Of course I’m worried about my fellow New Yorkers (and others up and down the Eastern Seaboard), but I’m also worried for New York’s neon signs. Too often uncaring owners use wind damage as an excuse to scrap lovely signs—I hope it doesn’t happen this time.
I’m printing and packing Kickstarter rewards until the power goes out, and this weekend I’ll start beta-testing the app (very excited for this!). Oh, and the Observer posted an article about neon (including a big section on Project Neon) in Sunday’s edition. Very cool! [Edit: there’s a slideshow, too, with some of my photos—though the photo of me in front of Katz’s didn’t make the cut…]
That’s all from here. If the subways are up and running on Monday and I can get around, I’ll check out some signs and file a report. In the mean time, everyone stay safe!
PS: I nearly forgot to say—the Project Neon photo show is set to open on Friday September 23 at the City Reliquary. More details soon!
(in the West Village on W 4th St btwn Charles & W 10th Streets)
Project Neon is all about celebrating the great stuff we’ve got (and other people have the history stuff covered better than I could), but I hope you can allow me one moment of fond recollection for Fedora. If you’re not in the mood for nostalgia, I understand—I’ll see you back here next week!
The Fedora sign still presides over the block of West Fourth Street between Charles Street and West Tenth Street (ah, the confounding geography of the West Village!) and there is still a restaurant & bar called Fedora there (which some people quite like), but it is worlds away from the affable, affordable, inimitable place that came before. Kudos to the new owners, though, for replacing the old sign with a very similar one (the new one is pictured here). That does make me happy.
The old sign had better colors (pink & green! classic!), but the new sign maintains the quirky shape and curved-A lettering. It’s a simple sign, but welcoming and particular—what a neon sign should be.
I have to confess that I can’t bring myself to try the new Fedora. It looked too… too, if you know what I mean, when I stopped by to take the picture above. Uncharacteristically, I think I’d rather keep my memories of the old Fedora intact than give the new place a shot. Maybe that’s a sign of getting old. I know the city changes (that’s what keeps it alive) and countless great new things open all the time, but sometimes I just can’t bring myself to let go of the past.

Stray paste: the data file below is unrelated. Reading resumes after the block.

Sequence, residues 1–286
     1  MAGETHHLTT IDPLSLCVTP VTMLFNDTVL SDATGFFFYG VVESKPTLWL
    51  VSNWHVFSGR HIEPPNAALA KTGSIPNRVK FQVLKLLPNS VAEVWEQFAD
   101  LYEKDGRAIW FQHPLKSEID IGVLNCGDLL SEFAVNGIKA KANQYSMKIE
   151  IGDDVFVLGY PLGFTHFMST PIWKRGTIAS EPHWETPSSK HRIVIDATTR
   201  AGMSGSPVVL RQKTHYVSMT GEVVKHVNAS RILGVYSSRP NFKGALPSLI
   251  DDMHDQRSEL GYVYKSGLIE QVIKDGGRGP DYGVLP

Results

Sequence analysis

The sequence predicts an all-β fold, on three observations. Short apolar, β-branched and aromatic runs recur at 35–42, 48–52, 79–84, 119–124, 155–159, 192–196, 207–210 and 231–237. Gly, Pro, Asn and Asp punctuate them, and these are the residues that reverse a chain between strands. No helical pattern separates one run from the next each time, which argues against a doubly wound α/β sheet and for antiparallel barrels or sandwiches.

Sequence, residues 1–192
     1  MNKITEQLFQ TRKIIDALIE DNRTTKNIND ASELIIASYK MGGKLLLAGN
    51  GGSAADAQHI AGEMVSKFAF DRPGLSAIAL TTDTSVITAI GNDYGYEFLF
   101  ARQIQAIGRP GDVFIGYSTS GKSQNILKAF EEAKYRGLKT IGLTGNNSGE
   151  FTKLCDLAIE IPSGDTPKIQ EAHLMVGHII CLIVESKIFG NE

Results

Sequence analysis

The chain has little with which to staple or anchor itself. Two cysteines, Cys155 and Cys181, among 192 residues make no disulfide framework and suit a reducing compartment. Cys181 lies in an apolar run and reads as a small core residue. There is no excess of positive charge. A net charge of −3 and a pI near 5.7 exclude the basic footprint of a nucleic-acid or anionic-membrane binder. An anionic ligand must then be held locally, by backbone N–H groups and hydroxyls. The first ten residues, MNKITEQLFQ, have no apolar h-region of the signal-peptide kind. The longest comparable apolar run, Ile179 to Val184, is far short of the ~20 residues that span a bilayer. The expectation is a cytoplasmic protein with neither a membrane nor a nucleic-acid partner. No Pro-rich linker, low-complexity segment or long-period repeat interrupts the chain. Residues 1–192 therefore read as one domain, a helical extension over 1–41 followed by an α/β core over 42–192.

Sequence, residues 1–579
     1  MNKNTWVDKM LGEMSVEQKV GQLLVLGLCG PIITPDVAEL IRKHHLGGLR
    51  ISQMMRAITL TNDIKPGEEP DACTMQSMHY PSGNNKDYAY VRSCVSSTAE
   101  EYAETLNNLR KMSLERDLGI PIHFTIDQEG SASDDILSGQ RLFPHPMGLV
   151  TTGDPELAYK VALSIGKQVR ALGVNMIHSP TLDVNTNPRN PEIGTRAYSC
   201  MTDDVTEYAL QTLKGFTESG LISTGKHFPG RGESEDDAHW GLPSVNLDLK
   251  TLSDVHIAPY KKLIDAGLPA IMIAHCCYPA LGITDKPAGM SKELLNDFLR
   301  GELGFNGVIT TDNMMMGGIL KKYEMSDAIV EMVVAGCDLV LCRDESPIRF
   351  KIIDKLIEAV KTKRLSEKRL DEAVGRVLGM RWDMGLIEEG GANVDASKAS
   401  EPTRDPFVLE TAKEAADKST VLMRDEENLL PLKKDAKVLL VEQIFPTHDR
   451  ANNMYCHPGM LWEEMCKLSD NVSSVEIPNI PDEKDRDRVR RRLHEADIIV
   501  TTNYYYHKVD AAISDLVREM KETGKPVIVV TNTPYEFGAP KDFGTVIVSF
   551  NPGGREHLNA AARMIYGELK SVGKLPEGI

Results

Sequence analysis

I only went to Fedora a few times (one of my great regrets), but I don’t think I’ve ever felt more welcome anywhere ever. I wrote a brief post about my last visit that you can read at Catasterist. Wow, I’m tearing up a little just thinking about it. Fedora was, as I said, nothing fancy but everything special. Here’s to the memories!
(in Washington Heights on Broadway at 180th Street)
Have you read this week’s New Yorker? You should, because Project Neon is the Talk of the Town! New Yorker writer Raffi Khatchadourian came along on a recent neon expedition (which included Reynold’s) and wrote about it for the The New Yorker.
I’m so pleased about this, both because it was really great to meet Raffi and talk with him about New York’s neon (while dashing around to several neon hotspots), and because I can’t believe my little project is featured in such an august publication. I think it might be time to renew my loooooong dormant New Yorker subscription, don’t you?
(E 60th St btwn Lexington & 3rd Avenues)
Thanks to everyone who came out to the Subway Inn tonight! It’s kind of loud and, well, green inside (there are green fluorescent lights at each table), but it was fun to see everyone. And I’m so happy to see the facade out from under the scaffolding at last so the subtle vertical arching of “subway” is apparent and it can glow forth at stodgy Bloomingdale’s across the street. Well, except for the BAR vertical sign up higher, which only has a B on one side and an R on the other side. Won’t you fix that, Subway my friend?
I am going to do everything I can over the next three days (Monday May 30th at 11p EST is the deadline) to make Kickstarter happen. Hints, tips, suggestions, and help are all happily accepted, and the steady stream of donations over the last couple of days definitely gave me more energy to tackle the home stretch. Won’t you pitch in and help make it happen?